- The Washington Times - Sunday, January 2, 2005

PORT BLAIR, India — As she fled the killer waves swallowing her island, Namita Roy gave birth to a boy in a forest.

On another island, 8-month-old Michael Jeremiah slipped out of his mother’s arms and sank into the sea until his father saw his toe poke up from the waves and brought him back to life.

The babies’ tales from the Andaman and Nicobar islands will become part of the folklore of miraculous survivals of last Sunday’s catastrophic earthquake and tsunamis.

“It’s all God’s grace,” said Lakshmi Narayan Roy, 34, a rickshaw puller whose wife, Namita, delivered their baby in the forest on Hut Bay island, where they were taking shelter.

Mr. Roy had just made tea for his wife, who was expecting her baby on Jan. 15. Then the Earth shook, and Mr. Roy raced out of the house with his pregnant wife and their 6-year-old son, Saurabh.

Mr. Roy put his wife on his bicycle rickshaw and began lugging her uphill. Minutes later, Mr. Roy’s home was flattened, like hundreds of others on the island.

Hours later, as they and some 700 people hunkered down on the highest point of the island, in the dark forest, Mrs. Roy began having pains.

Just after 4 a.m. on Monday, the Roys’ baby as born — a second son — with the help of a nurse who also had fled the tsunami.

But the jungle delivery was crude, and Mrs. Roy had lost a lot of fluid. They went down the hill on the rickshaw, this time with the new family member in tow, to a medical center. There, a navy officer alerted a ship.

But the tsunami had smashed the jetties and the ship couldn’t get to shore. Mr. Roy and his friends lifted the new mother above their heads and carried her through the waist-deep water, while another friend followed with the baby.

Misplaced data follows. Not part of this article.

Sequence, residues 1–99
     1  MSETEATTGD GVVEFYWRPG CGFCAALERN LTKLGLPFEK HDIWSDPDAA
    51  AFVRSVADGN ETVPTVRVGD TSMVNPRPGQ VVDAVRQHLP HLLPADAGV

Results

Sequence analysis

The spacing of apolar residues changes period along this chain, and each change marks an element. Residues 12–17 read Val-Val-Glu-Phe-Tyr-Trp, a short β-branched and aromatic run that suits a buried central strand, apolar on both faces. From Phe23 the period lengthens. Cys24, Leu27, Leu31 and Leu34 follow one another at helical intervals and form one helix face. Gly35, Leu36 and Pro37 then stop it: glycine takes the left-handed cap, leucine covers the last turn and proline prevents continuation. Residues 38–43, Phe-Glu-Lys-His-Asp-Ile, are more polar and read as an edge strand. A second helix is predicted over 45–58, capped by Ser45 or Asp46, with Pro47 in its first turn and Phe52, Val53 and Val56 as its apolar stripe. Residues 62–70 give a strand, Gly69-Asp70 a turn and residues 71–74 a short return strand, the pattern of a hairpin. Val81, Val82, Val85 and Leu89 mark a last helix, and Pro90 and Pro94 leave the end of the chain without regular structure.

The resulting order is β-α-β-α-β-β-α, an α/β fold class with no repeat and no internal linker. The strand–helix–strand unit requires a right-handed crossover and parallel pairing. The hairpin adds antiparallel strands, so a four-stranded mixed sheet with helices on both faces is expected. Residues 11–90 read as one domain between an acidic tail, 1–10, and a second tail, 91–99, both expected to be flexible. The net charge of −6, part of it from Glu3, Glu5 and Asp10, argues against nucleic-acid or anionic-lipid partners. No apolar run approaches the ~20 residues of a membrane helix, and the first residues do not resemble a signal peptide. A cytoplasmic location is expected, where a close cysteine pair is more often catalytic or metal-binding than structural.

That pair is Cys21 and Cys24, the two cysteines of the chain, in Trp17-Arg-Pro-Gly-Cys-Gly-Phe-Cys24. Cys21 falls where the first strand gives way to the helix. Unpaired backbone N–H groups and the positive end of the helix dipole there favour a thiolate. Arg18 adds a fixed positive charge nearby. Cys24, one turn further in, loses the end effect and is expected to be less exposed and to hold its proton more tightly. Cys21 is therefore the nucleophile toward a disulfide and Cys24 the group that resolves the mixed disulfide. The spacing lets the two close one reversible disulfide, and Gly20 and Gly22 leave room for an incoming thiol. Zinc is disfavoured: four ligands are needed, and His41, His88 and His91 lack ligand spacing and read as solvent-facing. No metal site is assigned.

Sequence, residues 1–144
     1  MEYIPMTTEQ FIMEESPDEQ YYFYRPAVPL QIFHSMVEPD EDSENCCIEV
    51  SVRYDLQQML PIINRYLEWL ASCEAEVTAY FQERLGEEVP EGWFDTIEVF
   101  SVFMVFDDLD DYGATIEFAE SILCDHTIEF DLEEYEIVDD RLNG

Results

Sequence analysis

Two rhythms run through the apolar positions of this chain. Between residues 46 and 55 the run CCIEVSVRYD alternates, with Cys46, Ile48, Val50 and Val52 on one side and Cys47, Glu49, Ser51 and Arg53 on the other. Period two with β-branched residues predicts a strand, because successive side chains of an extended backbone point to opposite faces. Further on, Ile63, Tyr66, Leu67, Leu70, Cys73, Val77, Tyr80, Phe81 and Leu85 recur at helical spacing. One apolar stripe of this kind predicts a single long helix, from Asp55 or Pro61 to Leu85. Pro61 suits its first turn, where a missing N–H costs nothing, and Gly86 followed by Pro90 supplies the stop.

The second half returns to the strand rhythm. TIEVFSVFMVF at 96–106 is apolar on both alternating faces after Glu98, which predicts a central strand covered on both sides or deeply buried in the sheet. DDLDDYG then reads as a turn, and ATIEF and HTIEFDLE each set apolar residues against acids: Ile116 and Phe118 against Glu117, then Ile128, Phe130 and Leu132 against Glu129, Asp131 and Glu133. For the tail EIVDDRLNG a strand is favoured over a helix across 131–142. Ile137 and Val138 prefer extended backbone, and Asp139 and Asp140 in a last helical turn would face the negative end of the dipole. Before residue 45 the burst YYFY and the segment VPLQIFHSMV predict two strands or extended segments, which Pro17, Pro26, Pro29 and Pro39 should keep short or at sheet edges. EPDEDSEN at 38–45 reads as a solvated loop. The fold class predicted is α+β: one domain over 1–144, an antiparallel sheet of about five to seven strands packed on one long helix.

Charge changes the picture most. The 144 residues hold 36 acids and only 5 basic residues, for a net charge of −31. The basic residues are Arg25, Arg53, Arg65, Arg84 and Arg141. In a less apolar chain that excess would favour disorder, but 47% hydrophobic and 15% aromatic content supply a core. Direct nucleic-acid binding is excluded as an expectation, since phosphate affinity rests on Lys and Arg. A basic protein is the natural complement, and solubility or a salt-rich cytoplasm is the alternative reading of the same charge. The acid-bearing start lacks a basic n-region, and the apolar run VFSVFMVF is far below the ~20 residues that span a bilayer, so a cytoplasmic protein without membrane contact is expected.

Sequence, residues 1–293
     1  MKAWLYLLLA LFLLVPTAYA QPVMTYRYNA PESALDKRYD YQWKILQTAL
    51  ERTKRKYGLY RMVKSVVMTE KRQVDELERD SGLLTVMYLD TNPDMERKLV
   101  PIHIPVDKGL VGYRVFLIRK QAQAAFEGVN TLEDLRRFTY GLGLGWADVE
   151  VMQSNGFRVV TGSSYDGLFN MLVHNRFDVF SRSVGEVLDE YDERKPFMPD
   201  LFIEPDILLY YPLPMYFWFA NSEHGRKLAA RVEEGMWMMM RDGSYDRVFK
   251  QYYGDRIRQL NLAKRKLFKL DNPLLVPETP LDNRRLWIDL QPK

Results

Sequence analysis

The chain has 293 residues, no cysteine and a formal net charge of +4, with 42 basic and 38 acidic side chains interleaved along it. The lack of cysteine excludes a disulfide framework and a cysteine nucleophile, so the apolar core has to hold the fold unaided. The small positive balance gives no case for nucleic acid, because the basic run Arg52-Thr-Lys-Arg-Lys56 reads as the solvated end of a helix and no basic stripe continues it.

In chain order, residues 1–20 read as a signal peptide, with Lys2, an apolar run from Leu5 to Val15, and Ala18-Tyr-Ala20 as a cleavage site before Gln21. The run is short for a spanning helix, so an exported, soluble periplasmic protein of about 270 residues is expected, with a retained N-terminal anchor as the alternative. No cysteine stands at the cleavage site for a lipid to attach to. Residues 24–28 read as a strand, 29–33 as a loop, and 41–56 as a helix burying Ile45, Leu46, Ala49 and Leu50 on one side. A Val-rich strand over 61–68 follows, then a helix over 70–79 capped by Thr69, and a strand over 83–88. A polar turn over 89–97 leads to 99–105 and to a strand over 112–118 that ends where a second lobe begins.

In a Port Blair hospital, a doctor named the boy Tsunami.

“I like the name. I won’t change it,” said Namita Roy, swaddling her son in a towel.

“I will remember that day forever,” Lakshmi Roy said. “I am sure he will fight with me when he grows up, though, for giving him a feminine name.”

Hundreds of miles south, on the island of Chowra, coconut-plantation owner Jeremiah, his wife, Safra, teenage daughter Lilian, and 8-month-old Michael were on their way to church in their village of Kuitasuli.

“We had planned we would all pray together. But suddenly, the Earth started shaking,” said Safra who, like her husband, uses a single name. They all started running, but the tsunami had ripped up the road running along the coast.

Safra, who recounted her ordeal from the Govind Vallabh Pant Hospital in Port Blair, stumbled and fell on top of her son.

Suddenly, they found themselves floating in the water, helplessly being flung toward debris, hurtling past furniture and TVs . Safra, exhausted, said she lost her grip on Michael and watched in horror as he drifted away.

Another wave came and Michael sank below the surface.

“We wanted to die as well, just flow away with the water,” Safra said.

Then, her husband yelled: “The toe. The toe.” Jeremiah lunged forward and grabbed his son’s toe, and lifted him up.

All three survived to rejoin other family members.

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